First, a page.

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Abstract

The detection of intermediate mass black holes (IMBHs) in globular clusters has been hotly debated, with different observational methods delivering different outcomes for the same object. In order to understand these discrepancies, we construct detailed mock integral field spectroscopy (IFU) observations of globular clusters, starting from realistic Monte Carlo cluster simulations. The output is a data cube of spectra in a given field-of-view that can be analyzed in the same manner as real observations and compared to other (resolved) kinematic measurement methods. We show that the main discrepancies arise because the luminosity-weighted IFU observations can be strongly biased by the presence of a few bright stars that introduce a scatter in velocity dispersion measurements of several km s. We show that this intrinsic scatter can prevent a sound assessment of the central kinematics, and therefore should be fully taken into account to correctly interpret the signature of an IMBH.

Keywords. black hole physics, globular clusters: general, stars: kinematics, instrumentation: spectrographs.

IMBHs: understanding the data first] Searching for intermediate mass black holes: understanding the data first Paolo Bianchini et al. ] Paolo Bianchini, Mark Norris, Glenn van de Ven, and Eva Schinnerer

1 Introduction

The existence of intermediate mass black holes (IMBHs) with masses between those of stellar black holes (M M) and those of super massive black holes (SMBH, M 10 M) has been postulated. The extrapolation of the relation for galaxies, linking the mass of the central back hole to the velocity dispersion of the host stellar system (??), suggests that globular clusters (GCs) represent the ideal environments to find central IMBHs with masses ranging from  M. However, their detection has proven to be difficult, with contradictory results on their presence in local group GCs (e.g., ???????).

The kinematic observations suggesting detections of IMBHs are primarily based on the search for a rise of the central velocity dispersion (e.g. ??). This method is very challenging, since it requires both high spatial resolution, to resolve the very crowded central region of GCs (few central arcseconds), and very precise velocity measurements with accuracy km s.

Two distinct observational strategies are employed for the kinematic detection of IMBHs: 1) measurements of velocities of resolved individual stars (line-of-sight velocities or proper motions), 2) unresolved kinematic measurements with integral field unit (IFU) spectroscopy, from line broadening of integrated spectra. These complementary methods can give significantly different observational outcomes when applied to the same object, making the detection of IMBHs highly ambiguous. In particular, integrated light spectroscopy seems to measure rising central velocity dispersions, favoring the presence of IMBHs (see for example, ? for Cen, or ? for NGC 6388), while resolved stellar kinematics do not confirm the presence of this signature (see ? for proper motion measurements of Cen, and ? for discrete line-of-sight measurements in NGC 6388).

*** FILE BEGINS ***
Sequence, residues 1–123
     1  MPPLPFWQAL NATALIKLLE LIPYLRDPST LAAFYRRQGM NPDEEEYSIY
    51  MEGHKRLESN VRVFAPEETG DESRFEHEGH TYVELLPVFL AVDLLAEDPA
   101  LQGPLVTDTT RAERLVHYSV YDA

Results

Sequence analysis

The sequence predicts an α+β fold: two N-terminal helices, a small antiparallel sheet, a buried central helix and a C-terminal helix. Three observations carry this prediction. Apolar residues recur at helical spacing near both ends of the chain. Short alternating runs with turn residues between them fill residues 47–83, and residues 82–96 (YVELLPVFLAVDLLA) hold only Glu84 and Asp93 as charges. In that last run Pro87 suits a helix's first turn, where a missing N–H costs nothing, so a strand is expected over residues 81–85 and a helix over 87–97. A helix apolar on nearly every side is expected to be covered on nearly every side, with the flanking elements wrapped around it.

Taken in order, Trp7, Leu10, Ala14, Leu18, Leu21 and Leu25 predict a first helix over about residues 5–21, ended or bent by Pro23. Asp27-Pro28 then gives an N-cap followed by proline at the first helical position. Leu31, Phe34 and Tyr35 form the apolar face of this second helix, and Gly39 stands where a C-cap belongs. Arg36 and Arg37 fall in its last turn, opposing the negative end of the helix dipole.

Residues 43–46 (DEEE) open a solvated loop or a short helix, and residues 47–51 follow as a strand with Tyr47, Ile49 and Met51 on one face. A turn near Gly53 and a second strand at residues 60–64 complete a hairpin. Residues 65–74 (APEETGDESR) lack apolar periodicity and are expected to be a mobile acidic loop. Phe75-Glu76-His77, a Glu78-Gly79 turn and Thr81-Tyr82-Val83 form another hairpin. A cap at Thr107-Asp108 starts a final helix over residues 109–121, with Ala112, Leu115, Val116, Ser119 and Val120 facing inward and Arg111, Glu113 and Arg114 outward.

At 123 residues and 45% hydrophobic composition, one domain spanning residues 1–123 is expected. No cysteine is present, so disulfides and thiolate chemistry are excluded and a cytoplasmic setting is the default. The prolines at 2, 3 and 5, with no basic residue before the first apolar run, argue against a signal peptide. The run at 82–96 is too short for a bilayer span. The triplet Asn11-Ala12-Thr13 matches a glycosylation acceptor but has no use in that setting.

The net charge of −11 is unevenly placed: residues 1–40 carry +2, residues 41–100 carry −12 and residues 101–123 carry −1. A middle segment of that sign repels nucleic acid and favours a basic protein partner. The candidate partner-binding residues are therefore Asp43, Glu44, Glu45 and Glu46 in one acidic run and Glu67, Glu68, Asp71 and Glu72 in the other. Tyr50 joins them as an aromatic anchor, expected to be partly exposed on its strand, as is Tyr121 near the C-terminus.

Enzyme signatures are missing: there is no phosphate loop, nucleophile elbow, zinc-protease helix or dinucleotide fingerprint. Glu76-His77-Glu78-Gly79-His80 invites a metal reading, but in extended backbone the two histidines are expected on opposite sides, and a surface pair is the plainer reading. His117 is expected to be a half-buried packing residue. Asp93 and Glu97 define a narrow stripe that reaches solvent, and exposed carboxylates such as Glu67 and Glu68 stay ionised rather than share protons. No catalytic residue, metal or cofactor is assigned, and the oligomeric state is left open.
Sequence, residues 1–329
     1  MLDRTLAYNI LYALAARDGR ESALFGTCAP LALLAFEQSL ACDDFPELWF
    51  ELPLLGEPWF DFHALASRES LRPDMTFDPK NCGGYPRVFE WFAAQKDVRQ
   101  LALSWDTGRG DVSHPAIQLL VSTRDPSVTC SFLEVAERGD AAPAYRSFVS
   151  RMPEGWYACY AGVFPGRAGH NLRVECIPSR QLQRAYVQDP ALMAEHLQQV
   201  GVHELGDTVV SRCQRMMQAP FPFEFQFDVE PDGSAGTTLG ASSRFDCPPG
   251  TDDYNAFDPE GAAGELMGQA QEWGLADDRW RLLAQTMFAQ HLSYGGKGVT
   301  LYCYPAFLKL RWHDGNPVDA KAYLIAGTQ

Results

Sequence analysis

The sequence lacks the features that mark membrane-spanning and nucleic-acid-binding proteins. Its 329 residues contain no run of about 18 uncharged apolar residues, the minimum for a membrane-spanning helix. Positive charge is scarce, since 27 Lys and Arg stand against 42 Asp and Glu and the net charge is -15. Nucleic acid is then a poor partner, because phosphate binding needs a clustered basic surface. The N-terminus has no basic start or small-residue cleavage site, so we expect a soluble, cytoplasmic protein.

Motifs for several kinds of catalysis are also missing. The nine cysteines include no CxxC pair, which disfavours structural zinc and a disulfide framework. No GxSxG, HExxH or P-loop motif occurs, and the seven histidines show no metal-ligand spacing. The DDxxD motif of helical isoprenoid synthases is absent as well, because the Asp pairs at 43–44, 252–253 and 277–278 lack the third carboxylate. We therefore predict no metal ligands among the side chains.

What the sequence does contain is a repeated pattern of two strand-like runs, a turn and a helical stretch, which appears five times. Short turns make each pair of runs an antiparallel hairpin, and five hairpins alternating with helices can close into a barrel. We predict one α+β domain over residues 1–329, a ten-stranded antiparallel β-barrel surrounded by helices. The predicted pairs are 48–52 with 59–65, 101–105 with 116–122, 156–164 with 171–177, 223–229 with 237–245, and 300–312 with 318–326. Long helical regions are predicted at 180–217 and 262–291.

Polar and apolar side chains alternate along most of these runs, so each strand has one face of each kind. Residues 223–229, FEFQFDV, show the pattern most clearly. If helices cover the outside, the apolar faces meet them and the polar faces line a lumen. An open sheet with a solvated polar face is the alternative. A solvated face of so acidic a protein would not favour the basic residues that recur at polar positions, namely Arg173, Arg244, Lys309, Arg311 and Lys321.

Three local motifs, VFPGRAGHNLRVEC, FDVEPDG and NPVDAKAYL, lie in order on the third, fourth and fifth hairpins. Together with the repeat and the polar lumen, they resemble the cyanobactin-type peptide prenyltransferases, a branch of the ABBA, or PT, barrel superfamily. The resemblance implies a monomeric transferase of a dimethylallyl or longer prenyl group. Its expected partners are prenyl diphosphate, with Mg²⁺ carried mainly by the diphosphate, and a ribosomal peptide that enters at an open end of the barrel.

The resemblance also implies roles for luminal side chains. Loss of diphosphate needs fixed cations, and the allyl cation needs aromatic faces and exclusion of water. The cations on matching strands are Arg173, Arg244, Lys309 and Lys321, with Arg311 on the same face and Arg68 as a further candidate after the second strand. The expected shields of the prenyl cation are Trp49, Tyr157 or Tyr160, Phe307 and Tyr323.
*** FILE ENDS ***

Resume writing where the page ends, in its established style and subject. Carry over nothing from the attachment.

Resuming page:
Our goal is to understand the systematic differences between the different observational methods, before undertaking any interpretation of the kinematic signatures connected to the presence of IMBHs. In particular, we wish to understand the biases that arise from applying IFU spectroscopy to systems with a (partially) resolved stellar population, like Galactic GCs. In order to do so, we develop a procedure to create detailed mock IFU observations of the center of GCs starting from realistic Monte Carlo cluster simulations. The output of our procedure is a data cube with spectra and luminosity information for every spaxel in a selected field-of-view, that will be analyzed in the same manner as real IFU observations to build mock velocity dispersion profiles in the central region of a GC.

2 Constructing a mock IFU observation

Figure 1: Left panel: Luminosity map of the central arcsec region of our simulated globular cluster placed at 10 kpc and observed with a seeing of 1 arcsec and an average signal-to-noise per Å of . Right panel: typical spectrum of a spaxel, obtained summing all the Doppler-shifted spectra falling in the spaxel, properly weighted by their PSF. The black line indicates the spectrum without noise, while the green line indicates the case of an observation with signal to noise per Å of .

The starting point of our work are Monte Carlo cluster simulations, developed by ?, providing a realistic description of a typical GC with initial number of particles of drawn from a ? model, a ? initial mass function, 10% primordial binary fraction, and metallicity [Fe/H]=-1.3. The simulations have no central IMBH and no internal rotation (note however that internal rotation is observed in several GCs, e.g. ???). At 13 Gyr, the simulation is characterized by a total mass of and a projected half light radius of pc. We place the simulated GC at 10 kpc from the observer with a global systemic line-of-sight velocity of 300 km s, to match the typical properties of a Galactic GC.